YOUNG rockers don't know any better than to write brash anthems like the songs that gave the Who its place in rock history. Aging rockers have to deal with disillusionment, ambivalence, waning energy and nostalgia. At the Nikon at Jones Beach Theater on Wednesday night, starting a string of local concerts, the Who grappled with both its past and its present. It will never be the band it was in the 1960's and 70's, when every power chord delivered by Pete Townshend's windmilling arm sounded like an insurrection, and when Roger Daltrey was a cocky, pugnacious rock archetype. But it can still pack a kick.
On the Who's umpteenth tour since its farewell concerts in 1982, the band has something new: songs from its first full album of new material in 24 years, set for release on Oct. 31. Once again, Mr. Townshend, 61, is writing songs for Mr. Daltrey, 62, to sing, reclaiming both hard-rock muscle and introspection to reveal what's on his mind now: memories, the state of the world, metaphysics. Onstage, Mr. Townshend was almost apologetic about including new songs amid the oldies. The new songs are decidedly mixed, but they've freed the Who from its routines.
"My Generation" started as usual, with power chords, complaints and defiance. Video screens showed not just the Who's own generation, England's Mods, but punks, breakdancers and jitterbuggers. Then the three-minute original grew into a psychedelic jam, eventually merging with "Cry If You Want," a song about lost youth from the Who's 1982 retirement album, "It's Hard." In between, Mr. Townshend crooned into the microphone: first, "Hope I die," then "Hope I die before I get old," then "I hope I get old," then "What am I gonna be when I grow up?"
Mr. Townshend has never been subdued onstage, but now he is more clearly than ever the band's vital center. Mr. Daltrey's voice is weathered, straining at high notes, and when he twirled a microphone on its cord, it looked hokey. But Mr. Townshend's guitar - in power chords, wailing blues lines, probing modal phrases, architecturally placed riffs and savage little trills - is still a bulwark and a goad.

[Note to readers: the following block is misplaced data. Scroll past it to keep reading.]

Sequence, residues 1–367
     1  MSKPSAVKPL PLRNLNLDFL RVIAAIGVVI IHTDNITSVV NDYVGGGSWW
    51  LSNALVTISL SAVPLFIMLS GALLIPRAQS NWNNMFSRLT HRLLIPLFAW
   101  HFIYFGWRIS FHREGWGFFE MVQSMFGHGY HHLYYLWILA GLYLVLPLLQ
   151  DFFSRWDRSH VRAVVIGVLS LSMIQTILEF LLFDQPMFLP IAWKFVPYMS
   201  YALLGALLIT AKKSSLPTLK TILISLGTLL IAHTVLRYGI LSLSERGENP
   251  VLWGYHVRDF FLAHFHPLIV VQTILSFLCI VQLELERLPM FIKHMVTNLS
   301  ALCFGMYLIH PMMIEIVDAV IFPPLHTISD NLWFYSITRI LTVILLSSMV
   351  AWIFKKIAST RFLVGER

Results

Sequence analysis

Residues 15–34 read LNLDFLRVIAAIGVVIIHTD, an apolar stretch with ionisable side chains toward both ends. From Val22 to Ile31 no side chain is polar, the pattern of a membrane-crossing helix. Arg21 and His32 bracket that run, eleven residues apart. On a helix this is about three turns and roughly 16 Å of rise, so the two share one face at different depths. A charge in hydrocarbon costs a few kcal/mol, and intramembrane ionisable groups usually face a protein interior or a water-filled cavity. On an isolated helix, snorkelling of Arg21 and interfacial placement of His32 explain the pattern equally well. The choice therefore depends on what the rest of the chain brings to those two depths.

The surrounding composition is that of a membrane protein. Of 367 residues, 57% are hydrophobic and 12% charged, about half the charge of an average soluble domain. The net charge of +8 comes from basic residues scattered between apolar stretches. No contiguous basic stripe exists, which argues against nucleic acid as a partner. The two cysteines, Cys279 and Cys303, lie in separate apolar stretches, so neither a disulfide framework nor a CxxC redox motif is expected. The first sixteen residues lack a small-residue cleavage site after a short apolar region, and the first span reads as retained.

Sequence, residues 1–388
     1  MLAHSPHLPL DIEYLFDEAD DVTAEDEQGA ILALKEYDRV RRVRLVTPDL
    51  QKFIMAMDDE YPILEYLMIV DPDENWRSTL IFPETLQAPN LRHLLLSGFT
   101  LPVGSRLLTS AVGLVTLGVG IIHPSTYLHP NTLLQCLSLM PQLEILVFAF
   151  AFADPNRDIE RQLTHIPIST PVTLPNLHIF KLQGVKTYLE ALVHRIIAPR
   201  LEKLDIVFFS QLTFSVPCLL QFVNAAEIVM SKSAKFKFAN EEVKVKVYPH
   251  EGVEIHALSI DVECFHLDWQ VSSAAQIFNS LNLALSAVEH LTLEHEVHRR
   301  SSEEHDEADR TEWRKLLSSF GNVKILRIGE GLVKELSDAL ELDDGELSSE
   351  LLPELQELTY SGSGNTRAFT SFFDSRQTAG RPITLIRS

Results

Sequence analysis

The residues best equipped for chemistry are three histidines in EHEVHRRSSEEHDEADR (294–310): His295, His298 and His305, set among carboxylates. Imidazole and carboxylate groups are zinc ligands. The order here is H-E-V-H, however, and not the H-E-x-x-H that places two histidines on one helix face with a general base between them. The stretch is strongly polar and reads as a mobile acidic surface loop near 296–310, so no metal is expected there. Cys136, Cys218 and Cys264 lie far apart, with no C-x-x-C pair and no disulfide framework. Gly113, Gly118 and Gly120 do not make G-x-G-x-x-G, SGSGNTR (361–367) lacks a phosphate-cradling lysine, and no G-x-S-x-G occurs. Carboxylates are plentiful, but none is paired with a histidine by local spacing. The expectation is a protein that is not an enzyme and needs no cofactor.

Pino Palladino on bass and Zak Starkey (Ringo Starr's son) on drums, replacing the Who's original members, recreate the old rhythm section's rumbles and crashes. (Simon Townshend, Pete's brother, on second guitar, and John Rabbit Bundrick on keyboards complete the band.) Few surprises remain in songs like "Who Are You" or "Substitute," but they were unimpeachably solid, and the inevitable "Tommy" medley was nothing short of majestic.
The new songs, which will be on an album called "Endless Wire," reshuffle old Who ideas; "Fragments" even reprograms the synthesized sounds of "Baba O'Riley." At Jones Beach the band played a 14-minute "mini-opera," about three kids forming a band and getting a hit, that reached back to the early Who's Motown beat and the suitelike constructions of its later songs.
There was a folky anticlerical protest song, "Man in a Purple Dress," that sounded like an also-ran at open-mike night. But at least one of the new songs - "Black Widow's Eyes," about Stockholm syndrome - had both expansive melodies and a gathering suspense. It's not a generational anthem to eclipse "Won't Get Fooled Again," or "Anyway, Anyhow, Anywhere," but striving gives the Who reason enough to persist.